All new adventures!

The publishing industry is in a freefall, but comic books are doing fine. You may not recognize them, however.

ESSDRAS M SUAREZ/GLOBE STAFF Mike Reed (left) and Paul Bryant opened JP Comics and Games earlier this year at a time when many other business were closing their doors.
Mike Reed (left) and Paul Bryant opened JP Comics and Games earlier this year at a time when many other business were closing their doors. (Essdras M Suarez/Globe Staff
By Joan Anderman
Globe Staff / November 14, 2009

E-mail this article

Invalid E-mail address
Invalid E-mail address

Sending your article

Your article has been sent.

  • E-mail|
  • Print|
  • Reprints|
  • |
Text size +

T wenty years ago Mike Reed was a Florida middle-schooler in thrall to Batman. Today he is a Jamaica Plain husband in thrall to Batman, and the proud co-owner of JP Comics and Games. He and Paul Bryant, a Spider-man devotee, dreamed up the idea in April and opened their doors four months later, during a summer more notable for closings than openings.

They couldn’t find a single financial backer willing to risk a penny on a comic book store, but the pair knows something about their kind: namely, that comic book fans, who number more adults than kids these days, are serious about their reading material. Look no further than the man who posted a comment on the store’s Facebook page praising the recommendations of the “in-house sommelier.’’ Reed has faith that the business, which has seen heady peaks (hello, Stan Lee) and crushing lows (television nearly wiped it out half a century ago), is poised for another revival.

“The writing has gotten so much stronger,’’ Reed says, “and I think people really want these stories again.’’

Film studios and television executives seem to agree. Hollywood movies like “Spider-man,’’ “Iron Man,’’ “X-Men,’’ and “Hellboy,’’ have been catapulting comic book characters into the mainstream cultural consciousness, and the Disney Co. recently snapped up comics behemoth Marvel Entertainment, with its stable of more than 5,000 characters, for a cool $4 billion. This year the FX network began development on a show based on the comic series “Powers’’ and AMC acquired the rights to “The Walking Dead,’’ a monthly black-and-white comic book.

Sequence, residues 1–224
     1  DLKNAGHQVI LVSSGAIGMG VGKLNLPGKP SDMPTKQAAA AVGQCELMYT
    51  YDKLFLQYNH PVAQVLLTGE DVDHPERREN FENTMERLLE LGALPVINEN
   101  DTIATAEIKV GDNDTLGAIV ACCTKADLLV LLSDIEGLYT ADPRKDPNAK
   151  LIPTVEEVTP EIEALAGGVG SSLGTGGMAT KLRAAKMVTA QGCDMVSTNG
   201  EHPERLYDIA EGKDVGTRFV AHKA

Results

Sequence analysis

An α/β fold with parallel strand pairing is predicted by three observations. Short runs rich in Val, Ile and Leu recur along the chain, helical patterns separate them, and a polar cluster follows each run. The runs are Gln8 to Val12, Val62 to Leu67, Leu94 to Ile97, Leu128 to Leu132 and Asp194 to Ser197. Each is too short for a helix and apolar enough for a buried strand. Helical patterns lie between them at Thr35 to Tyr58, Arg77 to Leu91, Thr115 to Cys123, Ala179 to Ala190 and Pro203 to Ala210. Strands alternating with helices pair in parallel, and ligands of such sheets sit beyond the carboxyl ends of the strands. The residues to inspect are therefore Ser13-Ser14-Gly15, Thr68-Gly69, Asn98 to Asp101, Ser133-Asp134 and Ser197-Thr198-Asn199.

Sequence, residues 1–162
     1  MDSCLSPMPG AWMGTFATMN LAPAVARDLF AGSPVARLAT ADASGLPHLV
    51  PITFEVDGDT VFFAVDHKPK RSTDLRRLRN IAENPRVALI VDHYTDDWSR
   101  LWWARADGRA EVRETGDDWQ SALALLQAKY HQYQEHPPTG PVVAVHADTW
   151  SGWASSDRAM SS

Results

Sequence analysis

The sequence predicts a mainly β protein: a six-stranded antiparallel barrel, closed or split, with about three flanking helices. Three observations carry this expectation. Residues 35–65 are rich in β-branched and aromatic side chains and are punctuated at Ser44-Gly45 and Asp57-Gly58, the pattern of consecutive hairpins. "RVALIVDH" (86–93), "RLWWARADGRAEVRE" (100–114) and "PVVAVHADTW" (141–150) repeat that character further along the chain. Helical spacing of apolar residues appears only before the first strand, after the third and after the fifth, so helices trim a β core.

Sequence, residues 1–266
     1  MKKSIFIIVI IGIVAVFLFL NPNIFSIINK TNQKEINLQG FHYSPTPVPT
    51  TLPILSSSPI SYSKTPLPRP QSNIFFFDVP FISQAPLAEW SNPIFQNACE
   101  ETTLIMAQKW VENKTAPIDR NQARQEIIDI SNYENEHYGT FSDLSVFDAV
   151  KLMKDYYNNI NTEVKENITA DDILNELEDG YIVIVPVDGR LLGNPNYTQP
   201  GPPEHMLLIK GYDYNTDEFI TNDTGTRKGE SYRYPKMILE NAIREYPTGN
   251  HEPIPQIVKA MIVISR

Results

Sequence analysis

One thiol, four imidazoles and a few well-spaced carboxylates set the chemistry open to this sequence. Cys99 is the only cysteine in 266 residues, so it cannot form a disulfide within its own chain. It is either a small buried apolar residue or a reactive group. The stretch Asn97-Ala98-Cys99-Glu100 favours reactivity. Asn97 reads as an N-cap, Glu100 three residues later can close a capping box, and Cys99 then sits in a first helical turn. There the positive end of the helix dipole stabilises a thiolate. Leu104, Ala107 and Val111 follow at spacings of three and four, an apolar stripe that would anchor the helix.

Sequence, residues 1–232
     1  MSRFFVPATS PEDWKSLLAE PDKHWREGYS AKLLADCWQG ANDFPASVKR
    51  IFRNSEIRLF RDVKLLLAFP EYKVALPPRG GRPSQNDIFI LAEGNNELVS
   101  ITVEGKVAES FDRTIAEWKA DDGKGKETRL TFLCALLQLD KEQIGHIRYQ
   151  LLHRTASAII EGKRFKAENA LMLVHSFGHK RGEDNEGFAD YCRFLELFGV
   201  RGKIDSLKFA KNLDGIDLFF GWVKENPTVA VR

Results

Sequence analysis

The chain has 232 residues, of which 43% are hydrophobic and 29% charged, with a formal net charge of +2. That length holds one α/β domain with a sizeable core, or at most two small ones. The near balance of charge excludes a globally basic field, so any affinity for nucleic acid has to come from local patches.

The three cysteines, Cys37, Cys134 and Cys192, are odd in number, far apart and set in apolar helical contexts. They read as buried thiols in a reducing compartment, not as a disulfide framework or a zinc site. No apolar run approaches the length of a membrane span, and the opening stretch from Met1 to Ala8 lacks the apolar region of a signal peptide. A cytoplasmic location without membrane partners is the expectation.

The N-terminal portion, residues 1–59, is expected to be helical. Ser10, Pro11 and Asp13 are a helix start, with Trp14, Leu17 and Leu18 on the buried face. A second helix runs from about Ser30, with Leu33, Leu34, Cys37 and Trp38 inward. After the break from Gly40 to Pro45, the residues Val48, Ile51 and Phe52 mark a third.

It’s hard to generalize to what extent superheroes on the screen inspire moviegoers to seek out the source material. Henry Scagnoli, co-owner of New England Comics, a chain of eight stores, says there’s always a bump when a new film hits theaters - sales of the graphic novel “Watchmen’’ exploded when the film version came out in March - but that it varies wildly in size and duration. Moreover, the vagaries of the comics business are far more complex than fallout from a film.

“Readership changes but that’s more a function of storytelling. Each comic has its own ebb and flow. It’s like a TV show: If you have poor storytelling the popularity goes down,’’ says Scagnoli, who founded New England Comics in 1983. “To stick around this long you have to ride with the flow.’’

And you have to know your neighbors. Three quarters of the inventory in Scagnoli’s suburban stores is superheroes fare; in Cambridge and Allston, stores are stocked primarily with independent comics and graphic novels, which tend to be longer, narrative works. As the artform has evolved, the range of themes, story lines, and characters has mushroomed - spanning dark, topical, and often morally ambiguous titles like “Road to Perdition’’ and time-tested, light-hearted fare like “Archie.’’ Blockbuster franchises - Spider-man and Batman - now cater to the generations with different titles, some child-friendly and some adult-themed. In the past decade the ranks of female fans have swelled, and with it the popularity of Japanese manga and DC Comics’ edgy, sophisticated Vertigo imprint, which features mystical and fantasy series in the spirit of Neil Gaiman’s “Sandman’’ and Alan Moore’s “V for Vendetta.’’